Endurance and Equine Welfare Evaluated
Responding to pressure from its members, the American Endurance Ride Conference (AERC) has taken a giant step forward to ensure the safety of horses competing in sanctioned rides with the formation of an ad hoc horse-welfare committee.
The AERC’s 2003 convention included two “Hot Topic” sessions that were widely attended by veterinarians, board members and riders. During the sessions, AERC Director John Parke of Solvang, California, presented a committee charter stating its official mission: Foster peer pressure and a culture of [horse] protection through noncoercive means.
In AERC-sanctioned rides, which generally range from 50 to 100 miles, participants follow a premarked trail and stop at designated rest points, where their horses are examined by a veterinarian to ensure that they are physically able to continue. If needed, horses receive veterinary care.
Despite these precautions, tragedies do occur, if rarely. Of the more than 20,000 entries at the roughly 700 AERC events held in 2002, seven horses are known to have died. But, says ride veterinarian Mike Jaffee, DVM, the number of competitors requiring treatment hasn’t been documented. “We’re just seeing a small part of the problem.”
Research (“What went wrong?”) and education (“How can we prevent what went wrong from happening again?”) have been coupled in the AERC’s new initiative to reduce the need for treatment and prevent equine fatalities occurring during or after endurance rides.
Procedures for collecting information during and after treatment are central to the new initiative. “We need a lot more data,” says Stagg Newman, of Candler, N.C., who has completed over 30 one-day 100-milers with his horse, Ramegwa Drubin. “We might be able to correlate [a problem] with factors such as ‘didn’t recover well at the first vet check.'”
Possible lines of inquiry wound include, “Were they the frontrunners? Back of the packers? What were the ambient conditions? How far were they trailered?” suggests AERC member Laura Hayes of Frewsburg, N.Y.
The AERC’s veterinary committee wasted little time following up on the board’s action. Within one week of the convention, a “letter of caution” went out to the membership.
The fatalities occurring in 2002 involved both experienced and inexperienced horses and riders, and the causes included metabolic failure and colic as well as traumatic fractures caused by accidental missteps and falls, the letter stated.
“Improved rider awareness of the condition of horses during and after a ride is our best tool for preventing equine fatalities in the future,” the mailing advised. Tucked into the envelope was a “Preventing Treatment” document written by Newman, based on the collective input of riders, veterinarians and board members over a several-month period.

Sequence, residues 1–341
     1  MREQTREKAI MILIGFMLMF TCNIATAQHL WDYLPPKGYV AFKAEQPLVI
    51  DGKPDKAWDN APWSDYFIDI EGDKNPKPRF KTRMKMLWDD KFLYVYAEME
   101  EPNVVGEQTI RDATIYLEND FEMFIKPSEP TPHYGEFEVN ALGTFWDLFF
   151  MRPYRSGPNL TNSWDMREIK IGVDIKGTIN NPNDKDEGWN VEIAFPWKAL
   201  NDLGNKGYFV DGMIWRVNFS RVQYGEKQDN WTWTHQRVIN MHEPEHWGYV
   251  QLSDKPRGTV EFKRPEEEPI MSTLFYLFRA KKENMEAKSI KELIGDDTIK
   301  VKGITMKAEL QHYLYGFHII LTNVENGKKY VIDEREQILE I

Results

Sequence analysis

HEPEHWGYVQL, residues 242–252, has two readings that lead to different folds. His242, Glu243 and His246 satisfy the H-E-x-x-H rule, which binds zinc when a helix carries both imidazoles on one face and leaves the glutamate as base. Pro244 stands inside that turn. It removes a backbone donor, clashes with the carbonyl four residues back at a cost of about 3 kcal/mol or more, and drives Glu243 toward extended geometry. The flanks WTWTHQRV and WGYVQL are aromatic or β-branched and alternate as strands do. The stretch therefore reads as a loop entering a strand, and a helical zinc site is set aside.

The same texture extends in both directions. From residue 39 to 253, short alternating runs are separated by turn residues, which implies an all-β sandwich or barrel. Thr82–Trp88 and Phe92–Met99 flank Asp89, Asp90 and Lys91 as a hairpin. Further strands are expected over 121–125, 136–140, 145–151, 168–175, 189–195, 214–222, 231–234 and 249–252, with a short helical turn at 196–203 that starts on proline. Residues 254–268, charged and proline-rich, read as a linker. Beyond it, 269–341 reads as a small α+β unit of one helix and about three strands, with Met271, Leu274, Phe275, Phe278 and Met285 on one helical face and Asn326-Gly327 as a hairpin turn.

The horsemanship guidelines for before, during and after a ride included riding to your plan, rather than to what other horses are doing; keeping your horse well hydrated, especially early in the ride; and not trailering home until your horse is adequately recovered and hydrated.
Echoing in the recommendations are reverberations from the two most widely publicized incidents involving endurance riding in 2002: the fatigue-related deaths of one Spanish and one Malaysian entry in the World Equestrian Games (WEG) 100-mile endurance competition held in Spain.
While noting that concern over equine welfare was already strong in the United States before the WEG tragedies, AERC president Mike Tomlinson, DVM commented, “The deaths of two horses has probably saved hundreds of horses’ lives on a worldwide scale. It is a terrible thing that has awakened thousands of people around the world.”
As for the AERC’s latest initiative, Tomlinson added, “This [committee] is not a witch hunt or to lay blame. We care about how we can learn and prevent [fatalities and treatments] in the future.”
Endurance rider Pat Farmer of Fortuna, Calif., expressed the horses-first mindset evident at the AERC convention. “Our representatives have done a terrific job channeling the emotion, intellect and spirit of a few thousand individualists into a new model of watchfulness for our horse partners,” he says. “This was such an important start to addressing a painful but truly crucial issue.”
In an effective protective effort for endurance sports, Farmer adds, no punitive measures will have to be taken because information and education of the human half of the talent pool will have helped protect horses from competitive harm.
This article first appeared in the July 2003 issue of EQUUS Magazine.